Imagine yourself a piece in a game of checkers. The other day you’d have been assured that an intellect vastly larger than your own knows everything there is to know about you and the world in which you find yourself, can foresee all, and has an answer for everything. If you lacked religion before, you’d have it now.
But the grandmasters of chess still flog themselves silly losing to computers programmed to think hundreds of moves ahead in microseconds. Because chess is so complex that no computer completely contains the game and it is generally believed no computer ever will, humans continue to take them on, probing for the chinks in their armor. Once they were cocky humans playing mere machines; now they’re mortals challenging flawed gods. Checkers is lucky. If an artificial intelligence that played chess were ever perfected, the grandmasters could stop dwelling on it. Perfection isn’t interesting — except when we secretly don’t think it is.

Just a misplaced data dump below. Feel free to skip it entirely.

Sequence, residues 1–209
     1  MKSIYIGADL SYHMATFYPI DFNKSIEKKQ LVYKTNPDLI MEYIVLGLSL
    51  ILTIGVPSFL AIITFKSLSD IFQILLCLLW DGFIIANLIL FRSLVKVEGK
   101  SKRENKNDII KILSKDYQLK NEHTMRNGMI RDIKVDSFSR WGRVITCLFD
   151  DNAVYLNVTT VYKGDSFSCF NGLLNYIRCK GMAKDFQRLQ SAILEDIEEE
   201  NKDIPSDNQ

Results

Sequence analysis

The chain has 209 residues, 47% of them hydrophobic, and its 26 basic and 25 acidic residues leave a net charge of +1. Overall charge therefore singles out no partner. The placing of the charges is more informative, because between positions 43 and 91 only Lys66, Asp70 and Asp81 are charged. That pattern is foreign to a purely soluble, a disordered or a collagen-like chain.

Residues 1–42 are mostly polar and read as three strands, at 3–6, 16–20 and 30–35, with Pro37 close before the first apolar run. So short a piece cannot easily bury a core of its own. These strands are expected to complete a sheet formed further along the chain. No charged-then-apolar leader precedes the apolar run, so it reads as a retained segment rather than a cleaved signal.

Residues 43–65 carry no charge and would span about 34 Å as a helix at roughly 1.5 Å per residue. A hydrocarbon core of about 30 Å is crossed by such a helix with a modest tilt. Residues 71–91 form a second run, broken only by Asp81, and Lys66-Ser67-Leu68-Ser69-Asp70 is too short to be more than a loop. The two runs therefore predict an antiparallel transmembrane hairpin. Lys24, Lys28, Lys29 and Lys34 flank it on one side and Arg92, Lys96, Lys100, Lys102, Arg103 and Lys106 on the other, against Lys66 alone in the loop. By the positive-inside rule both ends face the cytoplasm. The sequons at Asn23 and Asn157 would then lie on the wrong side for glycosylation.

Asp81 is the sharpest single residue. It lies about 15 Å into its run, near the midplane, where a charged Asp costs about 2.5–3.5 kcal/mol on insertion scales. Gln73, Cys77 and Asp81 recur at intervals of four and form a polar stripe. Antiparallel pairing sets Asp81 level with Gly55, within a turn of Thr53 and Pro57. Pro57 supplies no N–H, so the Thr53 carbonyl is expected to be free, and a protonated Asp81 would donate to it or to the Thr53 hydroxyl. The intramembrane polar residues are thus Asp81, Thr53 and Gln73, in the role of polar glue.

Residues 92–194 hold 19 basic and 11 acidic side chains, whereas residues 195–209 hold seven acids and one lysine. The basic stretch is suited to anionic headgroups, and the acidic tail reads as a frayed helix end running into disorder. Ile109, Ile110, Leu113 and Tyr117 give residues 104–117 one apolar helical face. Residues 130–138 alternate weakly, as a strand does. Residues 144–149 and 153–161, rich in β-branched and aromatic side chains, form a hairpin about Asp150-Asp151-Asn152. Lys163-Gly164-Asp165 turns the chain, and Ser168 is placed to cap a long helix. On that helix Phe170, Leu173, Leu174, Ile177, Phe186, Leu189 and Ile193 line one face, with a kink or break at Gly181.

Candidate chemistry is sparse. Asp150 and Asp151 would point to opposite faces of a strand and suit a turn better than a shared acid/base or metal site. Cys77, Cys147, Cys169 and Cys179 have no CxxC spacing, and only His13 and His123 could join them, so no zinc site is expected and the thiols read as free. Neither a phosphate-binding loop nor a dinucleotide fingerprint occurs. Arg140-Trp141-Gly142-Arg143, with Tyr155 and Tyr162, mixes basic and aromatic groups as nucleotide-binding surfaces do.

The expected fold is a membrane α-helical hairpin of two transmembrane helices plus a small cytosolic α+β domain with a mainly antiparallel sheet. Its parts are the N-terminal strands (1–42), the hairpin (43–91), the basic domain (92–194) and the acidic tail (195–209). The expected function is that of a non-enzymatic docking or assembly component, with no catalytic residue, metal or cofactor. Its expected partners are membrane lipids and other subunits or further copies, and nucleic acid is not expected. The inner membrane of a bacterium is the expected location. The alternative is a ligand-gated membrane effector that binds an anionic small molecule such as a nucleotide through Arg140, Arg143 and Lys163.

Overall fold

ADDENDUM: For a taste of being a mere piece on a board ruled by an incomprehensible authority dig out the old short story “The Immortal Game” by Poul Anderson.